whatsoever I have commanded you; every thing that Christ has commanded, be it what it will, and nothing else; for Christ's ministers are not to teach for doctrines the commandments of men; or enjoin that on the churches, which is of their own, or other men's devising, and was never ordered by Christ; and for their encouragement he adds,
and lo! I am with you always, even unto the end of the world: meaning, not merely to the end of their lives, which would be the end of the world to them; nor to the end of the Jewish world, or state, which was not a great way off, though this is sometimes the sense of this phrase; but to the end of the world to come, the Gospel church state, which now took place; or to the end of the present world, the universe: not that the apostles should live to the end of it; but that whereas Christ would have a church and people to the end of the world, and the Gospel and the ordinances of it should be administered so long, and there should be Gospel ministers till that time; Christ's sense is, that he would grant his presence to them, his immediate disciples, and to all that should succeed them in future generations, to the end of time: and which is to be understood not of his corporeal presence, which they should not have till then, but of his spiritual presence; and that he would be with them, in a spiritual sense, to assist them in their work, to comfort them under all discouragements, to supply them with his grace, and to protect them from all enemies, and preserve from all evils; which is a great encouragement both to administer the word and ordinances, and attend on them.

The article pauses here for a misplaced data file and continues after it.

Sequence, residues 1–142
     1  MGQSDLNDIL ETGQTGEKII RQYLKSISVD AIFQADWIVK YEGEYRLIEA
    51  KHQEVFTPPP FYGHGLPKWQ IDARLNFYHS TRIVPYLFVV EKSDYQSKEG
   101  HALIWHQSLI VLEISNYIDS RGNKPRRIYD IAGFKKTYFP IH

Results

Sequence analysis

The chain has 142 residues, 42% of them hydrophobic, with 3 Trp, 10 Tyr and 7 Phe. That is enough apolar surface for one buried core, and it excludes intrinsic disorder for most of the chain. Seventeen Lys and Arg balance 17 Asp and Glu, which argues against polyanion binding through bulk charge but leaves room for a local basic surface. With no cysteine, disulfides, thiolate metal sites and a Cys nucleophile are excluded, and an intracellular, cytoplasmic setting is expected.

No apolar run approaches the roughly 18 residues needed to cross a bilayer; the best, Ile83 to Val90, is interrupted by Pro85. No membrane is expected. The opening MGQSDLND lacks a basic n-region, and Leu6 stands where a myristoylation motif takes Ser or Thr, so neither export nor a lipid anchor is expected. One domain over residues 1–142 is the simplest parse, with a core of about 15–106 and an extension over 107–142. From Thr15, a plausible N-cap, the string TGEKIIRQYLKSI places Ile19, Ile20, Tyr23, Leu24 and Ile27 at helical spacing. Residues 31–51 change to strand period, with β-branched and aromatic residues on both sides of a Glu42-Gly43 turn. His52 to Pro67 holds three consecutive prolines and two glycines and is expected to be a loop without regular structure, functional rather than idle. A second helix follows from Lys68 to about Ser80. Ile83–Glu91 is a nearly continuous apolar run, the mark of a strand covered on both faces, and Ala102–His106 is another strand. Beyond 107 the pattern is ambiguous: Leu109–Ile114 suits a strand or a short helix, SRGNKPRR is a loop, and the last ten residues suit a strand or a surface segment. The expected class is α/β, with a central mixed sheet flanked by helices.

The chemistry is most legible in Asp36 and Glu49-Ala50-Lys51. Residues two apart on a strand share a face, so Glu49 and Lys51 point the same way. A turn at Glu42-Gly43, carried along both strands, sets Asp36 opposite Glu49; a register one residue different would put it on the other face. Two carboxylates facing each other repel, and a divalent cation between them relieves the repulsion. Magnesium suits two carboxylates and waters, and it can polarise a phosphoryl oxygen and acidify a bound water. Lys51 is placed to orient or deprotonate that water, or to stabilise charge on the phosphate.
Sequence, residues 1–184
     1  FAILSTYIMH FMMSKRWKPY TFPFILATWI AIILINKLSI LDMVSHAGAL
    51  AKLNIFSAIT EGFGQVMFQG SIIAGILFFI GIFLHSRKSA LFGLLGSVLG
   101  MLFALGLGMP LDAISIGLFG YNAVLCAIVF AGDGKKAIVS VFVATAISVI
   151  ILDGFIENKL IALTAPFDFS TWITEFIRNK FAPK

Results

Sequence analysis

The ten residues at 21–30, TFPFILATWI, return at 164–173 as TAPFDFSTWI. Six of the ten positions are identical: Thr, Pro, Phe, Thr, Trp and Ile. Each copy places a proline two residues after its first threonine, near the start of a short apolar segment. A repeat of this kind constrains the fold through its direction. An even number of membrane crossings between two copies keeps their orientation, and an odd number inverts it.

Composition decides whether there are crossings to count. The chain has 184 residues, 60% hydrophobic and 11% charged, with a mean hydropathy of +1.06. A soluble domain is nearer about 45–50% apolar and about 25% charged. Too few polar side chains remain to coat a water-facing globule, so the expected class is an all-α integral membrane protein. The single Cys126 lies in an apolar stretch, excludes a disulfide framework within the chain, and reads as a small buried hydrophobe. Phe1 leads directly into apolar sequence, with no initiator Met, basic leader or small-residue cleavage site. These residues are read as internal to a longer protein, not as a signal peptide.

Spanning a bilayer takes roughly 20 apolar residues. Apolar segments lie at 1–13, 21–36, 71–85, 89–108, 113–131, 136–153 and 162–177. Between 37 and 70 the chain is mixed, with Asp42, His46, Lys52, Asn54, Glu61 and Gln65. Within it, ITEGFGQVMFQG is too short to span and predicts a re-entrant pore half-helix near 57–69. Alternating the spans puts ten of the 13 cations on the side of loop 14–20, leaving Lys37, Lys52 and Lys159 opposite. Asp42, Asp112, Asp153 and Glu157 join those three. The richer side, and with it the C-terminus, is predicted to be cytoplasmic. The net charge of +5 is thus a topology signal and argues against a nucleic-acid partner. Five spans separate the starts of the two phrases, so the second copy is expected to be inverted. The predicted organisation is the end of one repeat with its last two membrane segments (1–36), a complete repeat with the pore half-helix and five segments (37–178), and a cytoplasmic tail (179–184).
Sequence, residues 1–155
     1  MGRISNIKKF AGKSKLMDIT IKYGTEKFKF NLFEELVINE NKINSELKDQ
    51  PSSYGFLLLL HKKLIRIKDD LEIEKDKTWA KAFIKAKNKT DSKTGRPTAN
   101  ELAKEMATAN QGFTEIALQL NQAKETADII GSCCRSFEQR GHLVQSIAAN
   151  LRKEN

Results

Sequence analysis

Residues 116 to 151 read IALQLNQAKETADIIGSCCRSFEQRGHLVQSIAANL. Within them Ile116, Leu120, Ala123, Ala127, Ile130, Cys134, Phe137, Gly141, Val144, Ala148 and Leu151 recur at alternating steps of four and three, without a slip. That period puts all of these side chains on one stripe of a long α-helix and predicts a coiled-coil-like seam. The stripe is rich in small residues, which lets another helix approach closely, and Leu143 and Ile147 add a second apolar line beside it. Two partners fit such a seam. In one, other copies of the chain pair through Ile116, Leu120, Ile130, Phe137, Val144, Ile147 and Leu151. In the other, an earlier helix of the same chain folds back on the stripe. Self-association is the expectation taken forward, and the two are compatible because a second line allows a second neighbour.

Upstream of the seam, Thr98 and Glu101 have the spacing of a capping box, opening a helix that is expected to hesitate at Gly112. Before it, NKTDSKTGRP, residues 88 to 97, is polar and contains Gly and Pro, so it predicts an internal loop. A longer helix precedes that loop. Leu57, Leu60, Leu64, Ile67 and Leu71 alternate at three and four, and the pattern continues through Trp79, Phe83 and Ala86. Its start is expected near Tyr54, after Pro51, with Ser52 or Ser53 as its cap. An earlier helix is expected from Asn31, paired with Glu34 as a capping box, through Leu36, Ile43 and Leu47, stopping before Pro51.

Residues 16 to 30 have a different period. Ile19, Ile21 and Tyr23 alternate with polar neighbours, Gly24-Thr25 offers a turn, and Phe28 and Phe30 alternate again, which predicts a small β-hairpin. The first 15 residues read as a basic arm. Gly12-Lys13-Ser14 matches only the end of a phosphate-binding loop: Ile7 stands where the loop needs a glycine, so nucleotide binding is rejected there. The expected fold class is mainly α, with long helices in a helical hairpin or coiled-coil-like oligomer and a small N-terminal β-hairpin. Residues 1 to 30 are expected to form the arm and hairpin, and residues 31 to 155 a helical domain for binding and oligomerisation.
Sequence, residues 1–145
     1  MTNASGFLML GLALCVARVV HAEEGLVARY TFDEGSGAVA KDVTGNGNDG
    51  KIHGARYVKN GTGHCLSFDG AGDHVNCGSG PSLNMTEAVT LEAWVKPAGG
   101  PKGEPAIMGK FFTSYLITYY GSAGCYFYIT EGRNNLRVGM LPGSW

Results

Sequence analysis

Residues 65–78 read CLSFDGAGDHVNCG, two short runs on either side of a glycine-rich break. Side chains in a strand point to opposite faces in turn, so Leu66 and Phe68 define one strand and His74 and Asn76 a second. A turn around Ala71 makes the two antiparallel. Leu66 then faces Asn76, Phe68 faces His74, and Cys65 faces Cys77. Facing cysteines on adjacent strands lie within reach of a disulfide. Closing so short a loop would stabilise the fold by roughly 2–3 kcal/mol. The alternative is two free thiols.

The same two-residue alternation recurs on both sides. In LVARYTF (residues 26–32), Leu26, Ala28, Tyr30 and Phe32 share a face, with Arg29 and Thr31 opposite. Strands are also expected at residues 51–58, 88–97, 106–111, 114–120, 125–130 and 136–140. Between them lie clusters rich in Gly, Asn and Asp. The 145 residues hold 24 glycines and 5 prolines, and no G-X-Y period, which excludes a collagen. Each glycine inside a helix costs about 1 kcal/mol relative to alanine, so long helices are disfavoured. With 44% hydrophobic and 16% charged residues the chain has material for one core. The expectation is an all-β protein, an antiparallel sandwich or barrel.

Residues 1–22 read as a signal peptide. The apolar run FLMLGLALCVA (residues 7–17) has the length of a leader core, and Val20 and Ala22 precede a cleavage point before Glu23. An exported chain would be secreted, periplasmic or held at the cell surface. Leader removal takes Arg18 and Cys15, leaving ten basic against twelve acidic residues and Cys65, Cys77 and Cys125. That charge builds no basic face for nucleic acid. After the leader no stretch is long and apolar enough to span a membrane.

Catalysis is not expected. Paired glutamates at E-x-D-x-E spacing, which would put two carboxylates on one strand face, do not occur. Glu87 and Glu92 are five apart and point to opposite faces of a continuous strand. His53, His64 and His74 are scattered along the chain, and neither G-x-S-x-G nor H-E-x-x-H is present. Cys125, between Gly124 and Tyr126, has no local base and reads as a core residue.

INTRODUCTION TO MARK
This is the title of the book, the subject of which is the Gospel; a joyful account of the ministry, miracles, actions, and sufferings of Christ: the writer of it was not one of the twelve apostles, but an evangelist; the same with John Mark, or John, whose surname was Mark: John was his Hebrew name, and Mark his Gentile name, Acts 12:12, and was Barnabas's sister's son, Colossians 4:10, his mother's name was Mary, Acts 12:12. The Apostle Peter calls him his son, 1 Peter 5:13, if he is the same; and he is thought to have wrote his Gospel from him (a), and by his order, and which was afterwards examined and approved by him (b) it is said to have been wrote originally in Latin, or in the Roman tongue: so say the Arabic and Persic versions at the beginning of it, and the Syriac version says the same at the end: but of this there is no evidence, any more, nor so much, as of Matthew's writing his Gospel in Hebrew. The old Latin copy of this, is a version from the Greek; it is most likely that it was originally written in Greek, as the rest of the New Testament.